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Stanford Report, October 9, 2002

More than 1,300 flock to SLAC to mark its many achievements


More than 1,300 people -- laboratory staff, government representatives, scientists and leaders of science centers from several continents -- united at Stanford Linear Accelerator Center (SLAC) on Oct. 2 to honor 40 years of extraordinary scientific accomplishment. They gathered within a giant white tent erected on SLAC's central green and applauded the laboratory's cascade of breakthroughs, from the discovery of quarks to the first web page in America. An afternoon of speeches and presentations showcased the great events in SLAC's history and the people who made them possible.

"Great people create great institutions," said SLAC Director Jonathan Dorfan, attributing SLAC's success to the hard work and skills of its staff. "I dedicate this day to all of you, the staff of SLAC. It's a day for looking back on our accomplishments while enthusiastically embracing the future and looking ahead to expanding our horizons."

Referring to the close reciprocal relationship between Stanford and SLAC, President John Hennessy said, "In preparing my remarks for today, I thought how difficult it is to think of Stanford without SLAC and how SLAC could not have been conceived without Stanford."

Dorfan thanked the Department of Energy (DOE), SLAC's primary sponsor, for its support. "We are fortunate that the United States government has long provided the vision, the leadership and the resources for the laboratory. Our thanks go to all those in the House and Senate who have backed SLAC since its inception," he said.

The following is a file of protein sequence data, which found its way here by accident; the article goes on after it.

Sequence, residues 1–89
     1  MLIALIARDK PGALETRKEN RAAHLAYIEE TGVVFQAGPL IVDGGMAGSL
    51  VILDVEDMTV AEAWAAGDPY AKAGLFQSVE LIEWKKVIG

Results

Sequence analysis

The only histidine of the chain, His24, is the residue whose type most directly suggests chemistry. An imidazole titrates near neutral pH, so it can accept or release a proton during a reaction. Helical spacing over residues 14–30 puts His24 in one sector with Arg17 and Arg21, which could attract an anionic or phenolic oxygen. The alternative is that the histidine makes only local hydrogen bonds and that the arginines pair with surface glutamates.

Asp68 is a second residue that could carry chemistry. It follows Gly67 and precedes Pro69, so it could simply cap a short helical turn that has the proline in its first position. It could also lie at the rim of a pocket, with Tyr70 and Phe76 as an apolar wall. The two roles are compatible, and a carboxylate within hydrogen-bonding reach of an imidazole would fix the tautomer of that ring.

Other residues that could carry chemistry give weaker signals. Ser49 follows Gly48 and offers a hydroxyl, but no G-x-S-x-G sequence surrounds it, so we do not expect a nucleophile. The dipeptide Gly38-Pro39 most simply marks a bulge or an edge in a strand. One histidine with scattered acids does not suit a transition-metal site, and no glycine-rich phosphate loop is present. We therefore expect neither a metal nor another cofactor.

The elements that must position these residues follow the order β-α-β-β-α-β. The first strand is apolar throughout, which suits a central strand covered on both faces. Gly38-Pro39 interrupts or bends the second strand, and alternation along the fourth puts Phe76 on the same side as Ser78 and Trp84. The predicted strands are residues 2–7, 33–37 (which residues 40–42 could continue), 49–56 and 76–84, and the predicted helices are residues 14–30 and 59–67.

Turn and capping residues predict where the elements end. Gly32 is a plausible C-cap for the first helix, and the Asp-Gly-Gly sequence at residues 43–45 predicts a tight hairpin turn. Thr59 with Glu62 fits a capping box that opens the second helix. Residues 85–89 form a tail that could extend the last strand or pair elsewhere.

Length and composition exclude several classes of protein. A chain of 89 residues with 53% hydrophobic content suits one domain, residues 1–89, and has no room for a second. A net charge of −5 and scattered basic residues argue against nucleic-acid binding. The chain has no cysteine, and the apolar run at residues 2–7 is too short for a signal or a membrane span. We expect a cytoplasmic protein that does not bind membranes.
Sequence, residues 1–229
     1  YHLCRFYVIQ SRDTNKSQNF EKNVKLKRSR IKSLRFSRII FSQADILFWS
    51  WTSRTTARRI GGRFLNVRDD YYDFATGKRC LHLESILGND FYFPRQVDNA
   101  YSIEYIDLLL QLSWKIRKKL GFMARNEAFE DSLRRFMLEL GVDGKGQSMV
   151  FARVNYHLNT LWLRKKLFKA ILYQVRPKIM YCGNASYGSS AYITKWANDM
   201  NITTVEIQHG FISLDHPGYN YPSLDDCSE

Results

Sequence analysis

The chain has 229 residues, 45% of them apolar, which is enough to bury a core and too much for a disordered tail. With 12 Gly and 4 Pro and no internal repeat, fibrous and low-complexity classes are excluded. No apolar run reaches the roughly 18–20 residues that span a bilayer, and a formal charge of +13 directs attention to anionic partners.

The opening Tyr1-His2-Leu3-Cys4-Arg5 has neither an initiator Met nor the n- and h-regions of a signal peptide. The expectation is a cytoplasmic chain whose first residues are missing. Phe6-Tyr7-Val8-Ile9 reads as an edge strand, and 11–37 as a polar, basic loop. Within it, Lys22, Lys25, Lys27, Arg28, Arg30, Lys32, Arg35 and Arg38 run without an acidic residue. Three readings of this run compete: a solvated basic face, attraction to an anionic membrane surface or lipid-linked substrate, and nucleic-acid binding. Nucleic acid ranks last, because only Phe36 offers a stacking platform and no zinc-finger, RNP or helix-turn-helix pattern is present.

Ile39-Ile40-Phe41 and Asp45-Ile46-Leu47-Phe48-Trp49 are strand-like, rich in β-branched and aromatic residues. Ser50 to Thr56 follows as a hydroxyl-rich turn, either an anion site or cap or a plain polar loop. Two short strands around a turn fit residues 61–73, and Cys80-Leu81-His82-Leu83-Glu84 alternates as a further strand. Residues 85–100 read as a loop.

Peter Rosen, associate director for high energy and nuclear physics in the DOE Office of Science, presented a written address by Ray Orbach, director of the DOE Office of Science.

"SLAC is famous for innovative and bold projections into the unknown," wrote Orbach. "We celebrate extraordinary scientific achievements. We also celebrate contributions to our country, for the service of the men and women who have been and are associated with SLAC is legendary. They have contributed to science, education, government, national security and world peace."

An emotional moment underscored the great respect and affection earned by the event's second speaker, W. K. H. "Pief" Panofsky -- the prime mover in the realization of SLAC, the center's first director and a daily presence in the lab halls. As Panofsky was about to speak, 1,300 people rose to give him a standing ovation.

In three affectionate and humorous talks, Haim Harari, chair of the Davidson Institute of Science Education; Burton Richter, SLAC director emeritus; and Robert Birgeneau, president of the University of Toronto, reviewed highlights of SLAC's contributions to particle physics, accelerator technology and synchrotron radiation research.

John Marburger III, chief science adviser to President George W. Bush and director of the White House Office of Science and Technology Policy, summarized SLAC's first 40 years: "These have been good years for SLAC, and I am delighted that this great laboratory is positioning itself today for decades more of outstanding work at the very foundations of physical science."